"That's what I always said," says Rod now. "Most blokes would have done it. But I was creeping up in age, and I really wanted to settle down. Then I met Rachel and we were married for eight years. Then I was married to Penny.
"I couldn't be more deeply happy than I am now. If I wasn't, I would tell you!" he says. "I really would. Penny is a great woman. She was supposed to come to Ireland with me. But we've had a bit of a family incident, so she couldn't come," Rod says of the English model, photographer and TV star who he met in 1999 and married in the summer of 2007 in La Cervara, a cloistered medieval monastery in Portofino. They have two kids, Aiden and Alastair.
Before that, Rod was married to Alana Hamilton from 1979 to 1984; they have a son, Sean, and a daughter, Kimberly. He was with supermodel Kelly Emberg until 1990 (they have a daughter, Ruby).
He married another model in Rachel Hunter, with whom he has two children, Renee and Liam. Rachel unceremoniously left him in 1999. (Rod also has a daughter, Sarah, born 1963, from a relationship Rod had in the early Sixties with Susannah Boffey.)
I ask Rod what he has learned about life in his 74 years. "Ah! What an almighty question!" he laughs. "That happiness is the be-all and end-all. The second to that is good health. I know they are cliches but they are really important, good health and happiness. And money can go a little way to giving you both, but it can't buy you either," says Stewart.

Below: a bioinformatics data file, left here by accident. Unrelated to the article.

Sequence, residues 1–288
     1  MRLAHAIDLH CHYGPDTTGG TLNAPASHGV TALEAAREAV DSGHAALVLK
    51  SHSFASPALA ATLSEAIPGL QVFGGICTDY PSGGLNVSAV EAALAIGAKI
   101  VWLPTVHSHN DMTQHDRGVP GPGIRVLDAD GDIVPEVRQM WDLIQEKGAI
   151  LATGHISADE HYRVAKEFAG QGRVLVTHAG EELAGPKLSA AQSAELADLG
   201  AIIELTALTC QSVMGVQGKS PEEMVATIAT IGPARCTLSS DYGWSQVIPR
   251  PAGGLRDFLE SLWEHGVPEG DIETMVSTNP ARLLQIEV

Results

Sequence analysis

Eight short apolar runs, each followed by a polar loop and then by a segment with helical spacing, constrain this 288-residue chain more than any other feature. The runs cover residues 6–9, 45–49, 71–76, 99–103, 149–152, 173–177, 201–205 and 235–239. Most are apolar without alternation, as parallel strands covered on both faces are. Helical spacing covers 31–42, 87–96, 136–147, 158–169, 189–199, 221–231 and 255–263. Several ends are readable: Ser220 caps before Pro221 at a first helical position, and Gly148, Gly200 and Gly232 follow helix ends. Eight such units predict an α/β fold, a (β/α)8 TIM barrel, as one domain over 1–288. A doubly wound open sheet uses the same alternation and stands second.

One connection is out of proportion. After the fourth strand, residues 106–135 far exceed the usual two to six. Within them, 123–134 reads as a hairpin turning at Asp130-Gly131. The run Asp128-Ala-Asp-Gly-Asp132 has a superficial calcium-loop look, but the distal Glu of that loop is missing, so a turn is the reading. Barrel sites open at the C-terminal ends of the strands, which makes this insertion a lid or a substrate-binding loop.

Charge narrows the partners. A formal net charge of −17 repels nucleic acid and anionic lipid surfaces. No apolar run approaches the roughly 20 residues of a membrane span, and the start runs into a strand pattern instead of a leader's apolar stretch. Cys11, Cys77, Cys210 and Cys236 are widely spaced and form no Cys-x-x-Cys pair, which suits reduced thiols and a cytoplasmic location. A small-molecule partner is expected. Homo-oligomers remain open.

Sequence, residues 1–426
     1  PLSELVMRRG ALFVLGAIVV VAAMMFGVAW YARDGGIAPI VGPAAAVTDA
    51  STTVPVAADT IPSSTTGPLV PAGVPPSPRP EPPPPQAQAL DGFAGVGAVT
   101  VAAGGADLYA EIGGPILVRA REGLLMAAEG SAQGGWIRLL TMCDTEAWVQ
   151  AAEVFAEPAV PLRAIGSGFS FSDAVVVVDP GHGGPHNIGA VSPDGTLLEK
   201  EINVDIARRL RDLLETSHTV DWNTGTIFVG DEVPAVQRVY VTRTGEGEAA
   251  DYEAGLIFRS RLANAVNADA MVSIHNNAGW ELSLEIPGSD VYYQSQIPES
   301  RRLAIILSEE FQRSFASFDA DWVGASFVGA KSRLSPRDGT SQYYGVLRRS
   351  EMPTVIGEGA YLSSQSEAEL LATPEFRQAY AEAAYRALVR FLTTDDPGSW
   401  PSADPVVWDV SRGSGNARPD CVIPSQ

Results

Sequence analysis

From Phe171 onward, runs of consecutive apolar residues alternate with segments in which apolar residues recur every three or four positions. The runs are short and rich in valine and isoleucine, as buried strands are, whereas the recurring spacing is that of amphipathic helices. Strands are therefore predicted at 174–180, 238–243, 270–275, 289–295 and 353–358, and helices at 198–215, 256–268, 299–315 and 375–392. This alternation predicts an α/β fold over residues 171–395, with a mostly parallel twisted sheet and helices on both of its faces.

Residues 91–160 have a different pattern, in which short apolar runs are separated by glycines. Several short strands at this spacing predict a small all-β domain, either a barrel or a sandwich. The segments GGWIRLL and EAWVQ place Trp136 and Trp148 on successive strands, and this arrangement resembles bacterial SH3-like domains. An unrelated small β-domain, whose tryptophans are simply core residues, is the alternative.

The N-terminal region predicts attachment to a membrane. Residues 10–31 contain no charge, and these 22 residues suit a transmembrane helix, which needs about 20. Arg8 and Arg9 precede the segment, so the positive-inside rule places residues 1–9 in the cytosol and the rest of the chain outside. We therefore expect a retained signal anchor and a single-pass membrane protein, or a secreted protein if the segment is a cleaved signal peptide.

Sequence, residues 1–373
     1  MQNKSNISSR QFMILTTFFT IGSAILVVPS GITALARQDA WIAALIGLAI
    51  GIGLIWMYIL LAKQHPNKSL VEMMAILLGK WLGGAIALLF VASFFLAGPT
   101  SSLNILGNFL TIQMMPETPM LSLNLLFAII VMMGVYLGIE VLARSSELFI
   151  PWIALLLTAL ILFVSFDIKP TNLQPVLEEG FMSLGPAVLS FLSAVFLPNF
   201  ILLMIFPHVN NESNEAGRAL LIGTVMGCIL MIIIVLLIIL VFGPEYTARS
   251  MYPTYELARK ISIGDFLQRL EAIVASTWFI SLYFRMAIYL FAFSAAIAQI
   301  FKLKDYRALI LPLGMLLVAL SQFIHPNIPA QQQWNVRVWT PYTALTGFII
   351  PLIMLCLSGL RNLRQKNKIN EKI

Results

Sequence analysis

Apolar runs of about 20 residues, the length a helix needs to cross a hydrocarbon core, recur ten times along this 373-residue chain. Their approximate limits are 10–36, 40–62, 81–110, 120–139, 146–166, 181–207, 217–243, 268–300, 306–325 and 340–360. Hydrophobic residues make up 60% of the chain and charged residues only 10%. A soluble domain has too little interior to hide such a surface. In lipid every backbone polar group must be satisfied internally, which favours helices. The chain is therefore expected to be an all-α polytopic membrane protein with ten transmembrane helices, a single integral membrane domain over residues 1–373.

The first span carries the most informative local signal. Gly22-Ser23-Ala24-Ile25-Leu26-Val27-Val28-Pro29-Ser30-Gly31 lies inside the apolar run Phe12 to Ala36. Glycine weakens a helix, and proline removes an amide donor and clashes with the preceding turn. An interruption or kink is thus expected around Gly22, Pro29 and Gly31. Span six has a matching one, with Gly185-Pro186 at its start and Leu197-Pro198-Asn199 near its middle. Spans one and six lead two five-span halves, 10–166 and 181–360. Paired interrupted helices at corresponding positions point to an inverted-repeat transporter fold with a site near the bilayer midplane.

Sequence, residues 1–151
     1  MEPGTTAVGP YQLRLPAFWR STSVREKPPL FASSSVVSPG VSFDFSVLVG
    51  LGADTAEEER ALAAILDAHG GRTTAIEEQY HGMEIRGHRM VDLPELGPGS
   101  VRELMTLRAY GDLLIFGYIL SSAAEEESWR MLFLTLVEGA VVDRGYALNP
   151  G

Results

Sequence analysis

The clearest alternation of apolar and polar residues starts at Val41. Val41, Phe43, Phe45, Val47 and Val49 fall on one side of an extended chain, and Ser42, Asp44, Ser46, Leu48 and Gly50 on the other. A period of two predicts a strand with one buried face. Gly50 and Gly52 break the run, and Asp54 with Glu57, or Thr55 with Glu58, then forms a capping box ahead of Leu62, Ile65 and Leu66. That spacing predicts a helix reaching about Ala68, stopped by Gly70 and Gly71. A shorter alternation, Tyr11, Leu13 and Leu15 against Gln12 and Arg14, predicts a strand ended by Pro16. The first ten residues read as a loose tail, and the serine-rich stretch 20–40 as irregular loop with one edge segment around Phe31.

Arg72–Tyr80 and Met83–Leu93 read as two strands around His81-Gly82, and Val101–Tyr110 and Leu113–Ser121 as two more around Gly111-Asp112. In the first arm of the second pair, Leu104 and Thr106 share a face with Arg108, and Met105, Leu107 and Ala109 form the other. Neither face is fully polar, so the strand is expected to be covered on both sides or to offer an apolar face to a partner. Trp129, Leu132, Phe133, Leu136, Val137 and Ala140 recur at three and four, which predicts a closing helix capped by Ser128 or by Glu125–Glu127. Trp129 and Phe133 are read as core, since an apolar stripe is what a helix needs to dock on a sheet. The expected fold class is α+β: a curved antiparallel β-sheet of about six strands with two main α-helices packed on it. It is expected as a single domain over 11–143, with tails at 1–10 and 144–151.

Does Rod regret how he ended relationships? He seemed to run from confrontation with women. Where did that come from?
"It was the way it was done then. It was, 'Ah, it's finished, move on to the next one.' And that is one thing I do regret in my life. I have said it over and over again, and hopefully, youngsters will pick it up now and not be as brutal as I was," he says with self-lacerating honesty.
Are there maybe things that people think about him that are untrue? "That I'm tight! Which I'm not! What would you say?" he asks me directly.
Maybe some people don't realise what a great singer you are, which has been perhaps obscured by - "Some of the razzmatazz?" Rod interrupts.
It would be worse if there was razzmatazz and no songs, Rod.
"No substance. Yeah, I do think the songwriting gets overlooked. I am very proud of the songs I have written."
It says something about Rod Stewart that when asked what songs of his he is most proud of, he says without hesitation, The Killing Of Georgie from 1976. The remarkable song tells the story of a gay man who was knifed to death in New York City. Rod told Mojo magazine in 1995 that The Killing Of Georgie was "a true story about a gay friend of the Faces. He was especially close to me and Mac (Ian McLagan, keyboards).
"That song still resonates today," Rod says now, "and I still get the wonderful pleasure of people coming up to me and saying: 'That song saved my life, because I was closeted. I didn't know what to do. I felt this way. That song opened a door.'"
In 2013, Rod said in an interview about being "trapped down all sorts of unhelpful mental alleys". What were the alleys?
"I think I got really lazy. I took a bit of a bashing from a well-known producer who said, 'Your songwriting is not very good any more,' or something along those lines, when I presented Young Turks to him, which went on to become a top-10 single in America." Did Rod send him the gold record? "F*** off!" he laughs (presumably the sentiment he expressed to the cloth-eared record exec). "But I think I became a little lazy. I didn't have any faith in my songwriting. I couldn't be bothered."